Gravitational wave astronomy

My focus

The most important focus of my research
Go to Stellar Dynamics

Stellar Dynamics

How stars move in dense stellar systems is a much more complex problem that seems, and it is deeply intertwined to a number of complex astrophysical and relativistic phenomena

Go to Gravitational Waves sources for ground-based detectors

Gravitational Waves sources for ground-based detectors

Ripples in space and time from stellar-mass compact objects and black holes.

Gravitational wave sources for space-borne observatories

Observing gravitational waves from supermassive black holes will allow to test General Relativity in the strong regime

Go to Supermassive Black Holes and Tidal Disruptions of Stars

Supermassive Black Holes and Tidal Disruptions of Stars

A star venturing too close to a supermassive black hole may end up being torn apart.

Go to Dark Matter

Dark Matter

The unknown nature of the dark matter of the Universe and the understanding of gravity are among the more tantalizing problems in modern physics.

Go to Multimessenger Astrophysics

Multimessenger Astrophysics

With photons we can see, with gravitational waves, we can hear.

Go to Planets

Planets

The formation and evolution of protoplanetary systems, the breeding grounds of planet formation, is a fascinating complex dynamical problem that involves many orders of magnitudes.

Go to High Performance Computing

High Performance Computing

The evolution of N-body systems, like galactic nuclei or globular clusters, is a source of different astrophysical phenomena which can be simulated using computational algorithms.

Codes and documentation that I have used and/or developed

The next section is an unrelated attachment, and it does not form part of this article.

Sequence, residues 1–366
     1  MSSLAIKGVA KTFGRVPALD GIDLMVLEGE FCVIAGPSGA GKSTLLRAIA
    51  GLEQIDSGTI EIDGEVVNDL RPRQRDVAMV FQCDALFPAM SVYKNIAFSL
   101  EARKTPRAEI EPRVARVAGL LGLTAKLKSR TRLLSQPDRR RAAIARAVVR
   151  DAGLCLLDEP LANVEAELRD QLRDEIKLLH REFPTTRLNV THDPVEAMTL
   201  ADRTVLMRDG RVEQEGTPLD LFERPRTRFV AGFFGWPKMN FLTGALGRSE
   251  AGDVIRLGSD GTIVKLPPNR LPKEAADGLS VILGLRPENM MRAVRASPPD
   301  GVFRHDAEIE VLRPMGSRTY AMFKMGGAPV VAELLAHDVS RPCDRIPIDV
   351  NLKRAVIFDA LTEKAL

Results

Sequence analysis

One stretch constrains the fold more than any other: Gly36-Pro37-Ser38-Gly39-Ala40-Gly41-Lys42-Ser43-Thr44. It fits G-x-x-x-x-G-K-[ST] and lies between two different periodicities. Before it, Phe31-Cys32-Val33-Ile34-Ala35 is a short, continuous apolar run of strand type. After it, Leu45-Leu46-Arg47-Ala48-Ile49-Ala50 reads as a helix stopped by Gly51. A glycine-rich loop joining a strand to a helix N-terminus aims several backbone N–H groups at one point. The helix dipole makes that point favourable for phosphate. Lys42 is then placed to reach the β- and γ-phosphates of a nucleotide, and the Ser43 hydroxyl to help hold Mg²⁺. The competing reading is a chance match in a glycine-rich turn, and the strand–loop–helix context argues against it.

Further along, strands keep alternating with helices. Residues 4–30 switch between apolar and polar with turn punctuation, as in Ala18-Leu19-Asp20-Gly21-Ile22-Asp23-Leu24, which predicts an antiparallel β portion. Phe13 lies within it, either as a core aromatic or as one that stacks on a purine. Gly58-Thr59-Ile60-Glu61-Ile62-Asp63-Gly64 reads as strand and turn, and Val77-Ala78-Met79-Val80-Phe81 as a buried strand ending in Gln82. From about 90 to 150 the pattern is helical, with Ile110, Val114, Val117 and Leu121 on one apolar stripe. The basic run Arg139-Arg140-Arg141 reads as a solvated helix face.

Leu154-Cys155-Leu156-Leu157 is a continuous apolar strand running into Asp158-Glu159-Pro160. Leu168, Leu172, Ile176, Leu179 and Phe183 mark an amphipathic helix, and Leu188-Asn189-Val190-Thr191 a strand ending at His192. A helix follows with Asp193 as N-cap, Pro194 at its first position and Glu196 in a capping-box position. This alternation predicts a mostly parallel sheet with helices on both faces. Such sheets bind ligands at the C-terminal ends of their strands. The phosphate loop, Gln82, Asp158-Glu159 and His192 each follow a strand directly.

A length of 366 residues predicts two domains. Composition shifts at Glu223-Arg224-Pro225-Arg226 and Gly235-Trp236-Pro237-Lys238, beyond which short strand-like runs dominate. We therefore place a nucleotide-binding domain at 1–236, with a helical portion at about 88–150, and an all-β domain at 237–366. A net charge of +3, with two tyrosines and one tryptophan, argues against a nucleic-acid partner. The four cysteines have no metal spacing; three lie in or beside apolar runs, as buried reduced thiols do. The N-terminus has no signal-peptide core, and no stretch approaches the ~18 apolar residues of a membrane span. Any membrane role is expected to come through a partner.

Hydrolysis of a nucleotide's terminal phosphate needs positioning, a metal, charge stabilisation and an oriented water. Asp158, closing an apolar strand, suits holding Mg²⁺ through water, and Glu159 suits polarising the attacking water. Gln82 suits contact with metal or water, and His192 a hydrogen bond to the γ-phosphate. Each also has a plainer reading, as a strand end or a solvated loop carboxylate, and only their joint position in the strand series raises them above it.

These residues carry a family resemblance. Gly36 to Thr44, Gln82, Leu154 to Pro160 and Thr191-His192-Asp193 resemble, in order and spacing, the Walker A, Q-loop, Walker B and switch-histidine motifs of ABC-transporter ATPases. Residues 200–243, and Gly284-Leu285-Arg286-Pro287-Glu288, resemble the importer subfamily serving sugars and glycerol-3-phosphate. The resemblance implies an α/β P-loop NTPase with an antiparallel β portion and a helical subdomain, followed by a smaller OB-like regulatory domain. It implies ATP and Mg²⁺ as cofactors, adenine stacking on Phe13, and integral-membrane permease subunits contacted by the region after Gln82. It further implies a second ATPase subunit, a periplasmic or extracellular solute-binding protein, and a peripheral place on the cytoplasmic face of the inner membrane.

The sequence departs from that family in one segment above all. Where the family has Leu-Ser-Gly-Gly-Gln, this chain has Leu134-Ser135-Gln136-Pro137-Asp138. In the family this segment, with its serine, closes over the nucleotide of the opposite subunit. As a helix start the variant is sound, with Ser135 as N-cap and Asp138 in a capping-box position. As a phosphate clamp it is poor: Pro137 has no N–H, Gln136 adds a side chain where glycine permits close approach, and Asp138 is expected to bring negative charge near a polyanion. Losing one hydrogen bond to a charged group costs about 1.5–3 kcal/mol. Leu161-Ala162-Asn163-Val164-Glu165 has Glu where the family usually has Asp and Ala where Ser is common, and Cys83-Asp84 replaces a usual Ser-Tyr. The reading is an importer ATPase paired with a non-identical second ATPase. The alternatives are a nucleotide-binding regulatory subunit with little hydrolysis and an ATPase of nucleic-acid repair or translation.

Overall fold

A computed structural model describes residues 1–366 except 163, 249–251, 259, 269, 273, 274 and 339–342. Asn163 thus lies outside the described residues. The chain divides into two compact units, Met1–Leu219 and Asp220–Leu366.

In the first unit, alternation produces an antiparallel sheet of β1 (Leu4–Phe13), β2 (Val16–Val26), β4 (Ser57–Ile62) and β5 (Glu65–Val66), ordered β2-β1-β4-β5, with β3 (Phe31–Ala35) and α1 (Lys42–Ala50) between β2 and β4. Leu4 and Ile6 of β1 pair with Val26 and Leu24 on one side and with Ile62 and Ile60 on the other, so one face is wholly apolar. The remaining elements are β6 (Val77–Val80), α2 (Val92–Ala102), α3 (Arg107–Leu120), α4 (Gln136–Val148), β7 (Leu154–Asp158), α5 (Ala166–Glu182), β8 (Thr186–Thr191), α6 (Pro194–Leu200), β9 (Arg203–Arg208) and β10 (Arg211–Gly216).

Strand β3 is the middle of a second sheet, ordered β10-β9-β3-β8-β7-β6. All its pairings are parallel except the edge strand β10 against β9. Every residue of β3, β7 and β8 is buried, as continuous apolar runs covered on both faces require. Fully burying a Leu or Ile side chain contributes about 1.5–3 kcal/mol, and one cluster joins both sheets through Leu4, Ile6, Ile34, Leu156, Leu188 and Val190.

my topics of research

Theoretical astrophysics and General Relativity
A description about my work and me

My background is in theoretical physics. I did my PhD research on stellar and gas dynamics. For about 12 years I worked at the Albert Einstein Institute in Golm, Potsdam, close to Berlin, where I was the group leader of Astrophysics. At the AEI I worked on gravitational waves physics. I broadened my experience, working on planetary formation theory with numerical simulations. I have recently expanded my interests to sources of X-ray emission, such as the tidal disruption of a star, accretion power mechanisms and the electromagnetic emission associated to these phenomena. I am interested in GPU computing, in particular in developing new algorithms in stellar dynamics written in CUDA. Find more about me here.

  • This is the strongest point of my expertise.

  • My background, and one of my favourite topics

  • astrophysics is becoming one of my main interests

  • astrophysics - I have developed from scratch a novel hybrid algorithm to study their formation, and a new GPU Nbody code

Members of my team

Researchers that are currently working with me. A list of past members can be found here.

Xian Chen

Assistant Professor at the Peking University (PKU)
Xian was my postdoc from 2011-2014 at the Albert Einstein Institute (my subproject of the SFB Transregio “Gravitational Waves Astronomy”). He is now one of my closest collaborators and one of my best friends.

Li Shuo

Staff researcher at NAOC in Beiijing (Chinese Academy of Sciences).
Li Shuo is working on direct-summation N-body simulations of galactic nuclei and globular clusters with massive black holes. One of his main goals is the formation of gravitational wave sources.

Jongsuk Hong

Postdoc at KIAA in Beijing.
Jongsuk is working on stellar dynamics related to sources of gravitational radiation and tidal disruption of stars in globular clusters. He does direct-summation N-doby simulations.

Angela Gardini

Postdoc researcher at IAA.
Angela is an external, active member of our Gravitational Wave Astronomy group. She has different interests and brings expertise in data analysis of numerical simulations to our group.

Alejandro Torres Orjuela

PhD student at Peking University (PKU)
Alejandro joined our team in 2017 to do a PhD in theoretical astrophysics, with focus on general relativity and, in particular, gravitational waves of extreme-mass ratio inspirals.

Verónica Vázquez Aceves

PhD applicant, currently visiting my group at CAS/PKU
Verónica joined us in 2017 with a short-term fellowship and will apply next year for a PhD position to work with us.

Cristián Maureira Fredes

PhD student at the Max-Planck Institute for Gravitational Physics (Albert Eistein Institute)
Cristián joined my group in 2013 as an undergrad, and did a six-months research project for his Chilean magister. Thanks to an approved DFG project of mine, he joined as a PhD student in 2015.

"Modeling and Observing DEnse STellar systems", Working Group 4